Needing Surgery During a Pandemic


Courtesy Ashley Hancock

Ashley Hancock is an SRJC freshman.

Ashley Hancock, Special to the Oak Leaf

When I heard that there would be a drastic change in lifestyle due to the pandemic, I shuddered in my own skin. I knew that I was suffering from health problems that were making life unbelievably hard to live. I was on track to get surgery on May 28th, but was warned that it would most likely be pushed back because it was not considered an “emergency” operation. That news was soul crushing, because even though it wasn’t a matter of life and death, my condition was severely hindering the quality of life to the point where I couldn’t move or function without extreme pain. But I was able to eat and breathe on my own, so I was “good” to go. As the days turned into weeks with more and more limitations on the shelter-in-place order, my condition continued to worsen.

It took a call to the advice nurse and a connecting call to my surgeon; and with that I had surgery scheduled one week out. My anxiety grew. Surgery seemed like such a long shot, something well beyond the horizon. But now it was knocking at my front door. I began to get more and more scared as each day came and went until it was the day before.

No eating, relinquishing every ounce of food in my body. And I had to say goodbye to my family. I had to say goodbye to my grandparents, and say “until next time.” Hoping there would be a next time. Who knew if my body would have enough strength to get through seven hours of intubation and anesthesia? I didn’t. Saying goodbye was the hardest thing I have ever had to do. Hugging my brother and sister and my dad at 3 o’clock in the morning, having a pit in my stomach being filled with the realization that there was a possibility that I may never see them again.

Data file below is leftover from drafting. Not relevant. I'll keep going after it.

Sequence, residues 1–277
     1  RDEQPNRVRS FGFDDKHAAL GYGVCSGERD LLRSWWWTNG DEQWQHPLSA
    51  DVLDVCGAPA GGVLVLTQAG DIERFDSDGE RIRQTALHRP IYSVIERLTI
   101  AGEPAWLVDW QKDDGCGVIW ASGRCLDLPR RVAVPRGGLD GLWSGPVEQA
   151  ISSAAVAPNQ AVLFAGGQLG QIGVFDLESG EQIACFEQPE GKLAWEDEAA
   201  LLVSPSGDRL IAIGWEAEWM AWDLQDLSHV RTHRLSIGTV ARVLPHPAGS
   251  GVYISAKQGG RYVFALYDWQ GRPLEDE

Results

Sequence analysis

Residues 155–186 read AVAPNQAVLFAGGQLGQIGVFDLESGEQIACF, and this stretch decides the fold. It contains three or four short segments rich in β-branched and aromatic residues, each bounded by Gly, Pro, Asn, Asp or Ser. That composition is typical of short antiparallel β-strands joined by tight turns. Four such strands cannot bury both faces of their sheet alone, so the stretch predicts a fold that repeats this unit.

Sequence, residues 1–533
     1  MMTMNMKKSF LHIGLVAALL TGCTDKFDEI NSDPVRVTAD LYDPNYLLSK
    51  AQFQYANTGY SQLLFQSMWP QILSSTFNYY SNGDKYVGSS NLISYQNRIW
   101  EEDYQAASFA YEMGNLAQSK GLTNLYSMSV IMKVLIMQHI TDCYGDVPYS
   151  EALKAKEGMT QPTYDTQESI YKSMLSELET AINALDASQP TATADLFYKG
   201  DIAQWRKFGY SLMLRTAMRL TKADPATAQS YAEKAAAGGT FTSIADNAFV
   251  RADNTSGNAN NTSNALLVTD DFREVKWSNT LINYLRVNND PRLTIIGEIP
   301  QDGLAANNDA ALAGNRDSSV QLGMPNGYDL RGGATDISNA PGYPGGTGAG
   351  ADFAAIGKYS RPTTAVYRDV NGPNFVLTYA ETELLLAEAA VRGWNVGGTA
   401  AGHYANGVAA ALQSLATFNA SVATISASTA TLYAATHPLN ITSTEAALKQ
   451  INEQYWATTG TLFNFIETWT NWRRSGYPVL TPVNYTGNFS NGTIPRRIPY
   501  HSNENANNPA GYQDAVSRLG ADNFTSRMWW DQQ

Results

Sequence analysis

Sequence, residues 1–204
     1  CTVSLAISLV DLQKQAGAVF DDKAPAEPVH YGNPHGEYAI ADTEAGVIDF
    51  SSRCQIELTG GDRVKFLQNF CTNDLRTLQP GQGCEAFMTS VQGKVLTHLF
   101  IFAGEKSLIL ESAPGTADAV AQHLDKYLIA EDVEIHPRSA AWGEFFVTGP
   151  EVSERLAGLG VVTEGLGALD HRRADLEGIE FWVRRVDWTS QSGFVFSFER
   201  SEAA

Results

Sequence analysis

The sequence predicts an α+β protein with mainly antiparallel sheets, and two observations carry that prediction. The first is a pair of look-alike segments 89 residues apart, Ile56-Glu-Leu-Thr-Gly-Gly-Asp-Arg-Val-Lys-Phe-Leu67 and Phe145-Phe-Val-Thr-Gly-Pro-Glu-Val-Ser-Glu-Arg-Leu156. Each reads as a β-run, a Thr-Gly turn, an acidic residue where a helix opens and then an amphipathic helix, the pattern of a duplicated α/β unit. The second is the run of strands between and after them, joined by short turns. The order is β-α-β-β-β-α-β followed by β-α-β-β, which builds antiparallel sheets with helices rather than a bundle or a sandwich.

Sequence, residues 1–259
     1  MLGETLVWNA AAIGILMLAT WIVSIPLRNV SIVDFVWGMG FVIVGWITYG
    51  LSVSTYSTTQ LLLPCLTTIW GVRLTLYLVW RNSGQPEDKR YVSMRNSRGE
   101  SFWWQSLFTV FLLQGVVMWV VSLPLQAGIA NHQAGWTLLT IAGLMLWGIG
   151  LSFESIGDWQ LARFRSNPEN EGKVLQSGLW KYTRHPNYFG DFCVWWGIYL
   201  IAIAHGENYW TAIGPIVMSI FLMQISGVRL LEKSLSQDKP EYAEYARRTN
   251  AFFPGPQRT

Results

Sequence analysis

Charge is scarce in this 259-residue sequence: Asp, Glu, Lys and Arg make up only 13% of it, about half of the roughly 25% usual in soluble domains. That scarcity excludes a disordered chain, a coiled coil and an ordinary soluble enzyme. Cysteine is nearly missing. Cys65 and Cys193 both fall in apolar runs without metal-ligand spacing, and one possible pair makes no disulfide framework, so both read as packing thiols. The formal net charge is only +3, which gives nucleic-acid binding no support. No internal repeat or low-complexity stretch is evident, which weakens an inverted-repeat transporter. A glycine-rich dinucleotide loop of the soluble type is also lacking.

Due to the pandemic, I wasn’t allowed to have anyone accompany me into the hospital. I said goodbye to my mom, with the same pit in my stomach. I have never been scared of doors. But those hospital doors hit me like a lightning strike of fear.

And like that I was alone. I was alone on this open road that could be filled with soft sand and beautiful palm trees or hot coals and malicious weather.

I opened the cards from my family and went under with a strong heart and a pocketful of hope. The next thing I remember I was struggling for air as they were extubating me. I could breathe. My eyes were heavy, and unable to keep them open, I fall back asleep.

The next day in the hospital felt like the morning after Christmas dinner. Stomach just full and uncomfortable. Lethargic. Really just exhausting, between relieving phone calls with my family, and figuring out what was causing me a numb foot and blurry vision.

It was time for my mom to pick me up outside of the hospital. I got in the car and I cried. I was filled with happiness and feeling blessed that I was brought through the surgery with the support from family and friends. I’d made it through. Despite the complications the pandemic caused, and the added stress and fear from being alone overnight in a hospital, I came home, alive, well and on the mend. And I couldn’t be more thankful for the support that I have had.